A live streaming webcam shows New Hampshire’s largest and fastest gondola going in at Bretton Woods. Some tidbits on the lift from the New Hampshire Tramway Board: line speed will be 6 m/s with 36 cabins and a design capacity of 2,600 using 62 cabins. SkyTrans is taking the retired B double and the gondola’s load test is slated for December 20th.
As it works to finalize its lease of Mt. Sunapee, Vail Resorts assures New Hampshire residents the company is in for the long haul and doesn’t plan any real estate development at the state-owned mountain.
A stack up of at least nine cabins on the White urban gondola line in La Paz last Monday is deemed the result of human error. No passengers were on the lift at the time.
The widow of Loveland mechanic Adam Lee, who died underneath a carpet lift last winter, goes on CBS This Morning to talk about his workers compensation claim being reduced due to a positive marijuana test.
Restructuring could resolve what is currently the nation’s largest ski resort foreclosure case, according to a report from the Brattleboro Reformer. Jim Barnes, founder of the financially-troubled Hermitage Club, sent an email last night informing members of two important developments. First, the Club has secured a bridge loan to maintain key staff working toward a restructuring with Berkshire Bank and other creditors. Secondly, a nonbinding term sheet has been signed with Oz Real Estate to provide new capital to the ski and golf resort. “The potential transaction with Oz Real Estate contemplates the club’s debt with Berkshire Bank to be restructured or bought out,” Barnes wrote. The bank is owed more than $17 million while a foodservice distributor is out more than $1.5 million and a hotelier $1.2 million along with others owed smaller amounts.
Oz is the parent company of Ski Resort Holdings LLC, which bought 14 major ski resorts from CNL Lifestyle Properties in 2017. Most of them were sold to Boyne Resorts, Vail Resorts and other operators over the past year. “Oz Real Estate invests in both opportunistic real estate private equity and real estate credit in the U.S. and Europe,” the firm says on its website. “Founded in 2003, Oz Real Estate has raised approximately $3.8 billion of dedicated real estate capital and completed more than 107 transactions across 19 diverse real estate asset classes.” Mr. Barnes also named a new Club President, Harper Sibley.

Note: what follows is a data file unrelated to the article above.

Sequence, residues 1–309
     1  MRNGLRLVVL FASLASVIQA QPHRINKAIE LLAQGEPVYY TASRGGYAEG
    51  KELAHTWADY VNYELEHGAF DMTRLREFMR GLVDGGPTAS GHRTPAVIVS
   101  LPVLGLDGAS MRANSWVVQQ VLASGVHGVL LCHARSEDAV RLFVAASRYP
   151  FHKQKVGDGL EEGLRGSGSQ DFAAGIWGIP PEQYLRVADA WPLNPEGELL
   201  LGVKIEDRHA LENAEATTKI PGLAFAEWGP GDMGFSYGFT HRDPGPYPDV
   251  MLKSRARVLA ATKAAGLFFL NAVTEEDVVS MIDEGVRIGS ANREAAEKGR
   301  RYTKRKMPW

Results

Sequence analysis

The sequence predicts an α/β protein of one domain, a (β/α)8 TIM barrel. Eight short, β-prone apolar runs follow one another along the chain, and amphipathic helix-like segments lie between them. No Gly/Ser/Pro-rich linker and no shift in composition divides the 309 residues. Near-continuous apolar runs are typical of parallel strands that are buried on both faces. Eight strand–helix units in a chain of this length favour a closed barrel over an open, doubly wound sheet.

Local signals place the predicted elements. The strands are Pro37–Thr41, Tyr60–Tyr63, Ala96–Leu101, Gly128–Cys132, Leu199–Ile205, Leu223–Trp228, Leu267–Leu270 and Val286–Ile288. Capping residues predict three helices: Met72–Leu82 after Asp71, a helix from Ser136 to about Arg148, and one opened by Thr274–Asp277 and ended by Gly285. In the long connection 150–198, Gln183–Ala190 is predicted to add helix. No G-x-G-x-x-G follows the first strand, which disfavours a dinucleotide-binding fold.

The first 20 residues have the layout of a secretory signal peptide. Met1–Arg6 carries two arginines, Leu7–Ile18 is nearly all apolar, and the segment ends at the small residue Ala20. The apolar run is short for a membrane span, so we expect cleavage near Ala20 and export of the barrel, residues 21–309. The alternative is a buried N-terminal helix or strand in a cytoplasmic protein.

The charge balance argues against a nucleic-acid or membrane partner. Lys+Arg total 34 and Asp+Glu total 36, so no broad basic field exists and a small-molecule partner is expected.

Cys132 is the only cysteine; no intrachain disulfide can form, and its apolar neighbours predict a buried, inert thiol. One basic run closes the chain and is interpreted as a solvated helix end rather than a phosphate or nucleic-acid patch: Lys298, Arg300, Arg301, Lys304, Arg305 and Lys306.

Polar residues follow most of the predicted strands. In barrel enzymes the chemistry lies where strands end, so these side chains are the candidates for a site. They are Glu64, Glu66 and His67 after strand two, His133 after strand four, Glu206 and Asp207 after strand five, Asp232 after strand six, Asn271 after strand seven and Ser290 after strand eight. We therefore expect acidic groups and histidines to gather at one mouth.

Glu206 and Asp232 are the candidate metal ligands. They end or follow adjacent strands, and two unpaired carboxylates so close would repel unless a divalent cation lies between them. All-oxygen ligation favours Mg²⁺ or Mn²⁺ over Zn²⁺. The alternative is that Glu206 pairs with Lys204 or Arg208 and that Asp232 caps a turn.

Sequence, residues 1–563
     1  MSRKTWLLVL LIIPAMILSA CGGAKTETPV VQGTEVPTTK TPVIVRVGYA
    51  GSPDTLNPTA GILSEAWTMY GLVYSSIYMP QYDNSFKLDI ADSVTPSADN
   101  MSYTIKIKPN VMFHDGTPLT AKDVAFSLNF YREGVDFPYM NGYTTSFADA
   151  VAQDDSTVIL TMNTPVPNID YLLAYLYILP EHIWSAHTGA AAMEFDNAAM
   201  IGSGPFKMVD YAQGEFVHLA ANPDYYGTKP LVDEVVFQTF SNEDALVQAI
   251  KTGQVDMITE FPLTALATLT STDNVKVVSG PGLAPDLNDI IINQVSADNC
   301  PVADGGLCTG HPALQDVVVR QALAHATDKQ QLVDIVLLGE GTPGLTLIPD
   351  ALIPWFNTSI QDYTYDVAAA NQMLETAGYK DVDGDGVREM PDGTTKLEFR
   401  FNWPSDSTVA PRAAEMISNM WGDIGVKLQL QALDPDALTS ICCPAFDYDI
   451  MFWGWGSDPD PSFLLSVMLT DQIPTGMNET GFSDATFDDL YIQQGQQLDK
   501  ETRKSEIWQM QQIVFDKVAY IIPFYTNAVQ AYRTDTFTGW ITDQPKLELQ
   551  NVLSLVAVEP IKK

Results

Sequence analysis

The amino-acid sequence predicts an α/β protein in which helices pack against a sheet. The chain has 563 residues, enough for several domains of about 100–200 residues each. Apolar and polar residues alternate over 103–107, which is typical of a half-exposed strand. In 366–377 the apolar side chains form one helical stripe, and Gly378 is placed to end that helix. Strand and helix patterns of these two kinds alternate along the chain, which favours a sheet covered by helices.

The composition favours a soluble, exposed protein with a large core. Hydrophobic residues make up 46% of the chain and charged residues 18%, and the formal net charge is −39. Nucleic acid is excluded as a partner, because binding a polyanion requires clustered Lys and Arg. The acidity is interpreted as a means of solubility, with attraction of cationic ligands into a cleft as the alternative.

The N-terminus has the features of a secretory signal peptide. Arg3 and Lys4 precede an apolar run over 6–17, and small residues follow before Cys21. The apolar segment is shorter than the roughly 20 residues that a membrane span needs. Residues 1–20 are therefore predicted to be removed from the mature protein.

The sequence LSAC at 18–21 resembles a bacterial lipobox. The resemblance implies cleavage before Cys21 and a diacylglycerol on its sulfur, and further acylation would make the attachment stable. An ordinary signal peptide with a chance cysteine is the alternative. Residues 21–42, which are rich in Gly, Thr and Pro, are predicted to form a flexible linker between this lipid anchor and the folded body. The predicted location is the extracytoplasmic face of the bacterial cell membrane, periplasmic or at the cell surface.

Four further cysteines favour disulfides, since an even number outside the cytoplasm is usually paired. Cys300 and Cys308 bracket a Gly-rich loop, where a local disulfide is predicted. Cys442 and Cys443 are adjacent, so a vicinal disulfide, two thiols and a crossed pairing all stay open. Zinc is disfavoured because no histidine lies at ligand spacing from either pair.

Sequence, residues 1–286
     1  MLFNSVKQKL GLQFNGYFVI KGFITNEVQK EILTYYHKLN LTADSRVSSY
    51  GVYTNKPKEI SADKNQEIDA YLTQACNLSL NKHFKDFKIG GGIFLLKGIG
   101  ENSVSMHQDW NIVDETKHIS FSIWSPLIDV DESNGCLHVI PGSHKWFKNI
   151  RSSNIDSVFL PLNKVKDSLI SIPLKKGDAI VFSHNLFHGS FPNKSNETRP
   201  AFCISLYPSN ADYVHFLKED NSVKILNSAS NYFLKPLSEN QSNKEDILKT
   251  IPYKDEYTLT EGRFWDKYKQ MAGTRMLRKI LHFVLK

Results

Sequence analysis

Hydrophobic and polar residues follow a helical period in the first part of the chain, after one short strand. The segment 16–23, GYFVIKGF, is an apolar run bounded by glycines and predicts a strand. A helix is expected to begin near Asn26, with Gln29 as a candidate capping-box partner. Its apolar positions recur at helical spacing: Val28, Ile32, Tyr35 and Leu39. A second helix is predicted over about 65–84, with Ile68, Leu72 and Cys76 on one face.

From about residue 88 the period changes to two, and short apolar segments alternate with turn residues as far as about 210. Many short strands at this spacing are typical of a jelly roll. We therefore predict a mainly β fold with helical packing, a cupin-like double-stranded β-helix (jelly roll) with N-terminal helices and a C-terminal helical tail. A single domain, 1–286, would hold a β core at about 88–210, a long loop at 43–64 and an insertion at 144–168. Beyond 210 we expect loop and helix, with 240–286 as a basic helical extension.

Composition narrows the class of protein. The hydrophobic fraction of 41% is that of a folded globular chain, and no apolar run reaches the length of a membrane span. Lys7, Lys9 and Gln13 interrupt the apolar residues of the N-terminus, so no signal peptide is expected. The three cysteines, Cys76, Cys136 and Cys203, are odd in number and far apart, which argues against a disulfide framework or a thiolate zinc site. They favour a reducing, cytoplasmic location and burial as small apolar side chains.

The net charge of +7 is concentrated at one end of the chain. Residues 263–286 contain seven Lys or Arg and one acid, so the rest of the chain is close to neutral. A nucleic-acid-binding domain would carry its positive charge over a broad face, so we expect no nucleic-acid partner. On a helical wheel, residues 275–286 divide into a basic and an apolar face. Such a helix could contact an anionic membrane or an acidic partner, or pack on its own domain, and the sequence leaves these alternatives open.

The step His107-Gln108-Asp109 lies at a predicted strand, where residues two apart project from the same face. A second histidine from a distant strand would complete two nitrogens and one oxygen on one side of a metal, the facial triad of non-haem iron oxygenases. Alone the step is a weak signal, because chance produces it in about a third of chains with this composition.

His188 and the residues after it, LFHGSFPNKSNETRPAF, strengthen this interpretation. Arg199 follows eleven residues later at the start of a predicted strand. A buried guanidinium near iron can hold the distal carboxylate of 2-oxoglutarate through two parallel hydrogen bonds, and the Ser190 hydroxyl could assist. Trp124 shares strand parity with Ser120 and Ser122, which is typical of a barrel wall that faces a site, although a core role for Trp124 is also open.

The Hermitage is currently closed under a court-ordered receivership with FTI Consulting on site maintaining assets. “The primary goal of the Hermitage Club is to close this restructuring and prepare for a successful 2018/2019 fall and winter season,” Barnes stated in his email. “The proceeds from the restructuring will provide the means to settle claims and disputes that have arisen due to the lack of cash flow from closed club operations.” Nonbinding is a key word and the Club made a similar announcement about $26 million in possible funding from an unidentified financial company on April 30th. It’s unclear whether that deal was to be with Oz or a different outfit altogether. Berkshire Bank assistant vice president and marketing officer Heidi Higgins told the Reformer the lender is “not in a position to talk about this specific instance due to privacy and legal concerns.” Nonetheless, the news is a sign Mr. Barnes and his staff continue to work hard toward a resolution four months from ski season.
I wrote briefly a few weeks ago about Parks Canada’s proposed site guidelines for Sunshine Village, the second largest ski resort in Banff National Park. Banff Sunshine operates a unique gondola and nine quad chairlifts within a UNESCO World Heritage site surrounded by spectacular scenery – the only resort to span two Canadian provinces. This document will govern the public-private partnership between Sunshine Village Corporation and Banff National Park through 2060. Currently, Sunshine’s capacity is capped at 6,000 skiers, though Sunshine says it only has enough parking for 4,500. The future could allow for more visitors – but exactly how is up for debate.
Site guidelines Parks Canada proposed last month set a new skiers at one time figure of 8,500 at build-out compared with the 11,500 settled upon at Lake Louise and 3,800 at nearby Mt. Norquay. Sunshine says it “reluctantly” agreed to the 8,500 number a few years ago even though the resort could theoretically reach 12,900 persons at one time (PAOT). The new Parks Canada plan includes a gondola reliever lift as well as three new lifts in Lower Meadow Park, Hayes Hill and Goat’s Eye II, areas which currently sit within the Sunshine lease area.
The big Disney Skyliner story last month came from a Twitter user stuck in traffic within Walt Disney World. He or she (the account belongs to a golden retriever) happened to get behind a gondola cabin on a trailer which looks to be a CWA Omega IV 10 passenger D-Line model with extra ventilation and reflective windows. It’s our first real glimpse of what the hundreds of cabins for the Disney Skyliner system might look like.